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Lakeland, Fla. – Tigers left-hander Daniel Stumpf reared back and threw a high fastball. This was Wednesday afternoon against the Braves at ESPN Champions Stadium, and the pitch felt good, fluid delivery, ball came out of the hand nice and easy and the hitter, Alex Jackson, swung right through it.

Feeling pretty good, Stumpf looked back at the scoreboard to see the radar gun reading, and – huh?

“I mean, you read the swing and you’re like, ‘Man, I just blew that guy up,’” Stumpf said. “Then you turn and glance back a little bit and you’re like, ‘It says 89 mph – golly.”

To say the least, the radar gun at Champions Stadium is a little off. Tyson Ross’ pitches were all reading 2-3 mph less than normal. Victor Alcantara, who is usually 94-96 was reading in the low 90s.

“It messes with your head a little bit,” Stumpf said. “I talked to Pete (Dustin Peterson, a former Brave who spent four years playing on that field) and he said it stinks to play there. He told me, ‘Don’t pay attention to the gun. It’s off.’”

Stumpf didn’t need radar-gun confirmation of how well his stuff has been working in his three spring outings. He’s faced 11 batters and not yielded a hit. The only runner against him reached Wednesday, on a disputed walk.

“I made two perfect pitches,” he said, of pitches on 2-2 and 3-2 counts that were called balls. “Bobby’s (Wilson, catcher) glove didn’t move either time. You can’t miss both of them.”

Stumpf's fastball has been legitimately sitting between 92-94 mph this spring. And his slider looks as sharp as it was at the end of last season, when he rescued an otherwise rough year by limiting opposing hitters to a .174 average with 12 strikeouts in his final 15 outings (13 innings).

“The depth on my slider right now is good,” he said. “I have the depth like I had toward the end of the year last year; it’s a strike until it gets to the plate. That’s why you are seeing the swings I’m getting – they are golfing it up, getting bloops to third base, or they are beating it into the ground.

“I’m fine with that.”

How important is the slider? In 2017, hitters only hit .176 and slugged .235 off his slider. Last season, even with the strong finish, hitters hit the slider at a .266 clip and slugged .418 off it.

It took him two demotions to Triple-A Toledo to get the slider and his fastball command back on point.

“It will get better as it goes along,” Stumpf said of the slider. “To where it turns into that out pitch, that put-away slider I had last year.”

Stumpf also has another tool that he hasn’t shown much in his two seasons with the Tigers. He possesses, by all accounts, a usable change-up.

“Bobby asked me if I threw my change-up a lot,” Stumpf said. “I said I was comfortable throwing it, but it doesn’t get called for a lot.”

He threw just 31 change-ups last season. Nine were put in play, three for hits. But it was a firmer pitch than it is now. He was throwing it 87-88 mph. Now, after changing his grip, he’s got the velocity down to 84-85 and the action on the pitch fades and sinks away from right-handed hitters.

“I think I can use against left-handers, too,” he said. “It’s just a pitch that never gets called for me, but it’s definitely something I can use.”

Considering he slow-played the first couple of weeks of camp, Stumpf has been remarkably sharp. The day before pitchers and catchers were to report, he felt some tightness in his shoulder and he immediately shut it down.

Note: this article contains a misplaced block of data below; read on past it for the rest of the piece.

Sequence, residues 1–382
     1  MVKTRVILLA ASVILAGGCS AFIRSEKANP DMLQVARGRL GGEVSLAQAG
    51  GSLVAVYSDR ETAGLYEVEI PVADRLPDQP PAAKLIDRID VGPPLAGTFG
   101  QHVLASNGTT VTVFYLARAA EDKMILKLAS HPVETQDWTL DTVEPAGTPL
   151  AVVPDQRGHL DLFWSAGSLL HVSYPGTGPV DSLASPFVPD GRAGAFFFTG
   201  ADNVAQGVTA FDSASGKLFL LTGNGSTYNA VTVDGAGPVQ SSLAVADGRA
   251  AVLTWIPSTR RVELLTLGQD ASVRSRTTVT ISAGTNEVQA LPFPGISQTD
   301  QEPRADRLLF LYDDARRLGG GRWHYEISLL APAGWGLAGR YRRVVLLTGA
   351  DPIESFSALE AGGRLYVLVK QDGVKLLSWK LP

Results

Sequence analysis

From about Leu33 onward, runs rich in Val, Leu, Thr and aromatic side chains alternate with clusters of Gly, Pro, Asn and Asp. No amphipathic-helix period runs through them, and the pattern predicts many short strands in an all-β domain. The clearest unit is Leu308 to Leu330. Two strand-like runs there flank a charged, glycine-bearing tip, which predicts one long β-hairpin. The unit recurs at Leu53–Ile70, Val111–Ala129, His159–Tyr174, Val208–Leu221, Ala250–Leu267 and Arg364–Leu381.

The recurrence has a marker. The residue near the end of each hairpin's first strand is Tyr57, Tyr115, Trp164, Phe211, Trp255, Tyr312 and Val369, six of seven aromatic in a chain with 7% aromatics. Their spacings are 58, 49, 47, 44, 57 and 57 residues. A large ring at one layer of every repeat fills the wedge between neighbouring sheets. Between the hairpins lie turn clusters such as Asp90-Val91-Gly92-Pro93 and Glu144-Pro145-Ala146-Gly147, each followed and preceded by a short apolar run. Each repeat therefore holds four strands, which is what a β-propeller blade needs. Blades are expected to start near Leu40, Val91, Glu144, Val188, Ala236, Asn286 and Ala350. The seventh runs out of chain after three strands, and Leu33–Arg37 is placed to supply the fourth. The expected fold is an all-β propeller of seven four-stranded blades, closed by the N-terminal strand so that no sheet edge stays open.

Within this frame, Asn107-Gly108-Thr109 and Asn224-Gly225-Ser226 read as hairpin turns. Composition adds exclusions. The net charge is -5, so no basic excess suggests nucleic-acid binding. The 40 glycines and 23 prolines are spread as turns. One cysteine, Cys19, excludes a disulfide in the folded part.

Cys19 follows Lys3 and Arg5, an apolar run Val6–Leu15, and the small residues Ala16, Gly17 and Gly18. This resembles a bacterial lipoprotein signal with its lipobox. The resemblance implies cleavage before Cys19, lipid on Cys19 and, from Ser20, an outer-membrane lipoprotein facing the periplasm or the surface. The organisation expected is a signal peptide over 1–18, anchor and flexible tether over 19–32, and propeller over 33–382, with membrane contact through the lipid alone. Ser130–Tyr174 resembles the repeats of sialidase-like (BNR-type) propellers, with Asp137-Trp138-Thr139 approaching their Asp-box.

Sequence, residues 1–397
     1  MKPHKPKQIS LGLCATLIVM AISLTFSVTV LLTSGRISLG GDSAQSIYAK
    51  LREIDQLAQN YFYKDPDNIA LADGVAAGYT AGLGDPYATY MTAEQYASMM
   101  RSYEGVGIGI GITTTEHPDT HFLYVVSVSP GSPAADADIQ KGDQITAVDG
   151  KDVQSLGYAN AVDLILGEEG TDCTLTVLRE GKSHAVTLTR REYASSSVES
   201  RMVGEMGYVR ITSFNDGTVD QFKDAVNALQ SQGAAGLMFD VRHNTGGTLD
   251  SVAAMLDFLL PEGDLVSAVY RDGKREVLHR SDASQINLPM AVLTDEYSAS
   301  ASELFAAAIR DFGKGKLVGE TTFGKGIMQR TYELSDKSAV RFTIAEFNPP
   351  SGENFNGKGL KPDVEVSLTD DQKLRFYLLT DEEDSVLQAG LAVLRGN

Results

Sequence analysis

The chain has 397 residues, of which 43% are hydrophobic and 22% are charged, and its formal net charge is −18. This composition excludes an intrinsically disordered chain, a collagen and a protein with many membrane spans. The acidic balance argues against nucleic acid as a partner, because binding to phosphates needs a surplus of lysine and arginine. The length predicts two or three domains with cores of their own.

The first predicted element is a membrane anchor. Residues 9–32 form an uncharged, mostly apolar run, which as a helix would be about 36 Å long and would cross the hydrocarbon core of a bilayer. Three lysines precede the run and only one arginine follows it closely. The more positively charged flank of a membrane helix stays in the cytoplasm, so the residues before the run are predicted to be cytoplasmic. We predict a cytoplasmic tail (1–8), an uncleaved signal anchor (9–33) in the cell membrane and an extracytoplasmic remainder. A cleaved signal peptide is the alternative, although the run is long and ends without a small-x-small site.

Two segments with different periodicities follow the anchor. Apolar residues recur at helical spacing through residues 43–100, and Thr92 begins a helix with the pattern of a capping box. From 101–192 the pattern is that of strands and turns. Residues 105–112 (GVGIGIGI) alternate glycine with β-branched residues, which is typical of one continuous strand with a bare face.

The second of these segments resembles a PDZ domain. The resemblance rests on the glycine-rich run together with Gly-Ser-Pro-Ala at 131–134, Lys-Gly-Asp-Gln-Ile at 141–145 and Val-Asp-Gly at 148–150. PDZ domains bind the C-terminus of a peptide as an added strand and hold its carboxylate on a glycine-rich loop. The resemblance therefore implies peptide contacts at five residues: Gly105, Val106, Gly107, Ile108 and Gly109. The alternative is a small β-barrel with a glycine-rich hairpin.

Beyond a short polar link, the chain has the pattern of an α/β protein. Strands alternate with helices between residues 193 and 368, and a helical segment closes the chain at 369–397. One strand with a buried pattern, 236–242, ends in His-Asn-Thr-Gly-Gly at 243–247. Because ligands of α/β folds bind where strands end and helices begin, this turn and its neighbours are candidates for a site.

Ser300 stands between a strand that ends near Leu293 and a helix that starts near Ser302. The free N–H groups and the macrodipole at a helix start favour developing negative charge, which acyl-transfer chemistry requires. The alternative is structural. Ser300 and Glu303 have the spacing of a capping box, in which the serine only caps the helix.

“I caught up in a hurry,” he said. “I knew I would. It wasn’t anything. When it flared up on me, I just said, Let’s go ahead and take care of it now. I won’t miss too much. I was always told, back when I was with Kansas City, there’s no teams to be made now. The only team you can make is the rehab team.”

But it was frustrating for him. He had come to camp a week early after what he felt was a very productive offseason workout program.

“I felt like I did what I needed to do to be ready, to where this wouldn’t happen,” Stumpf said. “The last month (January) at the gym I workout in, I went in there and had them rewrite my entire weight-lifting program. I told them I wanted it to be like I was rehabbing my arm.”

So he did extra but low-impact shoulder and elbow work. He did more core and scapula exercises.

“I was just strengthening everything,” he said. “When you do stuff like that, there’s nothing heavy. It’s all bands, nothing over five pounds, scap work, wall work – not like I was doing heavy weights. And that was the frustrating part to me.

“I did things to prepare to be ready for this. I threw two innings live before I came here and I threw two bullpens when I got here, and I felt fine. But I took care of it, got treatment and I am ready to roll.”

Stumpf knows he’s in another fight to keep his bullpen spot. Assuming the Tigers take eight relievers north, and also assuming Shane Greene, Joe Jimenez, Drew VerHagen, Victor Alcantara and Blaine Hardy (lefty) are relative locks, then Stumpf, Buck Farmer, Zac Reininger, Louis Coleman and Jose Fernandez (lefty) are fighting for three spots.

That Stumpf was able to get four outs Wednesday and that he’s been getting right-handed hitters, too, are good signs for him. He has never considered himself a situational lefty, though that’s been the role he’s played with the Tigers.

“The biggest thing for me (on Wednesday) was being able to go in with runners on,” he said. “To me, that’s more of a simulation of what’s going to happen in the season. They aren’t always going to wait for you to get a clean inning.

“That’s a big thing for me to be able to do that. Obviously, there were times last year when I was the only lefty down there, so it was tough to stretch me out. To get that one and one (one inning and one batter) and get a good up-and-down was good.”

Twitter @cmccosky

 

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